The two men who are in a Belgian jail because they brought Paris suspect Salah Abdeslam back to Brussels, made suspicious journeys before. Hamza Attou went to the UK with a man of Iraqi descent only three days before the attacks, while Mohamed Amri visited Turkey at least seven times during the past two years.
Mohamed Amri (26) and Hamza Attou (21) belonged to the very first suspects who were caught after the Paris attacks. They quickly confessed that they had brought the only surviving perpetrator back to Brussels that night. On the phone, Salah Abdeslam reportedly said that he had suffered a car accident. It was only when they met him in Paris, that he told them about his role in the bloodbath. According to their declarations, he threatened to blow up Amri’s Volkswagen Golf if they refused to give him a lift.
Amri and Attou are still behind bars, but no details have surfaced yet about a further implication in the terrorist plot. When Molenbeek mayor Françoise Schepmans named the Paris suspects who were on a list of radicalized inhabitants prior to the attacks, she did not mention these two. In the 55 pages long report that the Paris police has written about the attacks for the French Interior Minister Bernard Cazeneuve however, it is stated that the Belgian authorities knew Amri already as “being close to the movement of the extremist Islam”.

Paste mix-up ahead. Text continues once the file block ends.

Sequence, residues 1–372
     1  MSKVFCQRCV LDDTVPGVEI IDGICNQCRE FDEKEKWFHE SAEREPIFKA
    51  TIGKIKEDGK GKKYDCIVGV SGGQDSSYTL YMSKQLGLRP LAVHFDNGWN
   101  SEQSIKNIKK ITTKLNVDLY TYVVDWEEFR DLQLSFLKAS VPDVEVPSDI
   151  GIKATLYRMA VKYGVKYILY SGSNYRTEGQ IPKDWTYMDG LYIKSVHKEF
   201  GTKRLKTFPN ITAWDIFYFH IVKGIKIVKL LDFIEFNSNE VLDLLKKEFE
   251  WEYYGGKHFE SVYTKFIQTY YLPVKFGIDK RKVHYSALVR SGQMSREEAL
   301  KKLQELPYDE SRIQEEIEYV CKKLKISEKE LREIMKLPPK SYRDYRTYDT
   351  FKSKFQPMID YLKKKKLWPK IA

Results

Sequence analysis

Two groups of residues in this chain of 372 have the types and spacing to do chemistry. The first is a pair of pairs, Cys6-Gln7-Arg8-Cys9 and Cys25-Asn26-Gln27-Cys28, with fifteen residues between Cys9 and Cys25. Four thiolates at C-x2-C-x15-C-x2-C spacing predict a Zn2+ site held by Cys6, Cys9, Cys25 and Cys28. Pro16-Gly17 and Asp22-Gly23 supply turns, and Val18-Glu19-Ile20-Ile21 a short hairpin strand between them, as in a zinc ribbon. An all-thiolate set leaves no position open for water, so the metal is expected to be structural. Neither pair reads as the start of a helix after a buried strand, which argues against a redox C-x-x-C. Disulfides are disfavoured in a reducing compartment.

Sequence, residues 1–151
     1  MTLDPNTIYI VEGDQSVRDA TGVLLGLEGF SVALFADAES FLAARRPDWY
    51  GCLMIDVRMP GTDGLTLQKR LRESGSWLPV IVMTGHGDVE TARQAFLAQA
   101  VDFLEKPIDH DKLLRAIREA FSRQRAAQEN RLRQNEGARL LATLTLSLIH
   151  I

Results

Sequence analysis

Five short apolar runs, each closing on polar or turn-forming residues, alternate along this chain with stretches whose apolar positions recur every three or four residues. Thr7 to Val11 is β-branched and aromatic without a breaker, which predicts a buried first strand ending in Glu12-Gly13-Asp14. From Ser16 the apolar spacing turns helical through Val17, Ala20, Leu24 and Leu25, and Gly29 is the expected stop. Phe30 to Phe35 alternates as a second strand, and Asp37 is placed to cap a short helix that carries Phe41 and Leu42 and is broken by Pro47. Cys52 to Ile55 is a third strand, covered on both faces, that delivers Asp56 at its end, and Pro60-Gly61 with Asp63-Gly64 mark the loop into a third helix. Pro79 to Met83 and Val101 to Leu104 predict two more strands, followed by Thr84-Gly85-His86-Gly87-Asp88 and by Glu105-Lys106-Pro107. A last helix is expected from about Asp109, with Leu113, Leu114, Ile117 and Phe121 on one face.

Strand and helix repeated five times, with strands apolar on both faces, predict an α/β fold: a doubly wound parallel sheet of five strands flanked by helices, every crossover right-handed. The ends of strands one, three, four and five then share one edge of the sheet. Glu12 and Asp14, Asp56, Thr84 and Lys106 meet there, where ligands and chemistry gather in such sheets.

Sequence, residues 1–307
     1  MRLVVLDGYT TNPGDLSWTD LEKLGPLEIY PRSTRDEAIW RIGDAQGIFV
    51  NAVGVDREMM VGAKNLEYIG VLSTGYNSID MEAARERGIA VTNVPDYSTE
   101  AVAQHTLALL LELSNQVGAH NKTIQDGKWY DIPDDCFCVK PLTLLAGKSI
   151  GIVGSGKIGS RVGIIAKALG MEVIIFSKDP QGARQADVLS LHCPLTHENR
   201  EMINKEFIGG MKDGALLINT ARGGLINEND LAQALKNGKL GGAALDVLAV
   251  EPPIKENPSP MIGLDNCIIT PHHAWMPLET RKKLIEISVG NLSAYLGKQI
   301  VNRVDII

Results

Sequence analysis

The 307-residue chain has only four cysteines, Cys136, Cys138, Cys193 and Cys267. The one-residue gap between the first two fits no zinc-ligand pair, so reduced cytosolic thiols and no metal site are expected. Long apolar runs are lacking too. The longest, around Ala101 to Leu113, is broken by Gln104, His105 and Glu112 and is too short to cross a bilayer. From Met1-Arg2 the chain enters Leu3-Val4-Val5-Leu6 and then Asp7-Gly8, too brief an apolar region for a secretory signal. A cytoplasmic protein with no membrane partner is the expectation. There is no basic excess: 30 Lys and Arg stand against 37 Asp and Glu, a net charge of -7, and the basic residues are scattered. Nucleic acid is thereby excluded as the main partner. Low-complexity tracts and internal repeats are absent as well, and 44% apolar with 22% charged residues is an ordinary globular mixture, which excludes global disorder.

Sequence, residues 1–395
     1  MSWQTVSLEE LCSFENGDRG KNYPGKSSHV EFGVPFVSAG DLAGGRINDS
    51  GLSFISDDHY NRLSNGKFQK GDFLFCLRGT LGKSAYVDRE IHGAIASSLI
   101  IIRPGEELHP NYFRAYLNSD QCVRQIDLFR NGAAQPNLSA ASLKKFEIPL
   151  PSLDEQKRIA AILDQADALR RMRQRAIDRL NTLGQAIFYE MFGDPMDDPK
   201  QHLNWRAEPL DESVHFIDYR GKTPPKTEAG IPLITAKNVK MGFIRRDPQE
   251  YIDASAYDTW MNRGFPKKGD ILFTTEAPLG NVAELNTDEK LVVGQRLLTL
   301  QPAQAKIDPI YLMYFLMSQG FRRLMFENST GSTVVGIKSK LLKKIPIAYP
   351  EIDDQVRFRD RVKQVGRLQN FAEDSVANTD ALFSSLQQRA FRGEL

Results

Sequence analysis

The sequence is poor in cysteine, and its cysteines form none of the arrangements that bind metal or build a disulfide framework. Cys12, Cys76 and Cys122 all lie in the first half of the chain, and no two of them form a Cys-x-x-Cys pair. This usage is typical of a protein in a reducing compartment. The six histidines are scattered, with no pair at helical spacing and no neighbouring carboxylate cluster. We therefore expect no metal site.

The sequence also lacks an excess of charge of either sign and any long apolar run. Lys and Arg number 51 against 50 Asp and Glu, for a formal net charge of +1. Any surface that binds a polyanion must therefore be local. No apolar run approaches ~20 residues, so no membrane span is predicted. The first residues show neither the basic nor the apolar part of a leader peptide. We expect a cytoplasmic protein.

That same report also reveals how both Amri and Attou undertook suspicious journeys in the days and years before the Paris attacks. Airline registers learned that Amri went to Istanbul at least seven times between May 2013 and May 2014. When returning, he often flew to other destinations than his home town Brussels — such as Paris, Marseille, and Copenhagen. The report contains no proof that his travel was related to terrorist activities, but they happened at a time when Turkey served as the main gate to Syria for tens of members of the network behind the Paris and Brussels attacks.
Hamza Attou left Belgium on the 10th of November 2015 for a journey to the UK. He did so in the company of a man from Brussels with roots in Iraq, and a Dutchman of Somali descent. It was the latter who drove the Ford Focus with Dutch license plate when they boarded the ferry from Dunkerque to Dover. Their tickets were booked by an autochtonous Dutchman we could reach and who provided some background about the trip.
He told us that the Dutchman of Somali descent is a youth friend who wanted to visit relatives in the UK. “On the internet, he searched for people who would join him in order to share some of the costs. That’s how he came into contact with the men from Brussels. He did not know them at all prior to that England trip.” Reportedly, the trio was stopped in the UK because something was wrong with the identity papers of one of the Brussels men. But what exactly was the problem, is not known — and neither is how long they were held.
The men from Brussels did not travel back together with the Dutchman, but if they did so with their initial reservation, they came back the very same day as the Paris attacks. Again, the French police report does not allege that their stay in the UK was somehow linked to terrorism. The Brussels man of Iraqi descent, 43 year old A.J.I.H. seems to have relatives living in London, which can mean there is a completely innocent reason for visiting the UK. We do not know whether he was interrogated about the trip, but the Dutchman of Somali descent certainly was.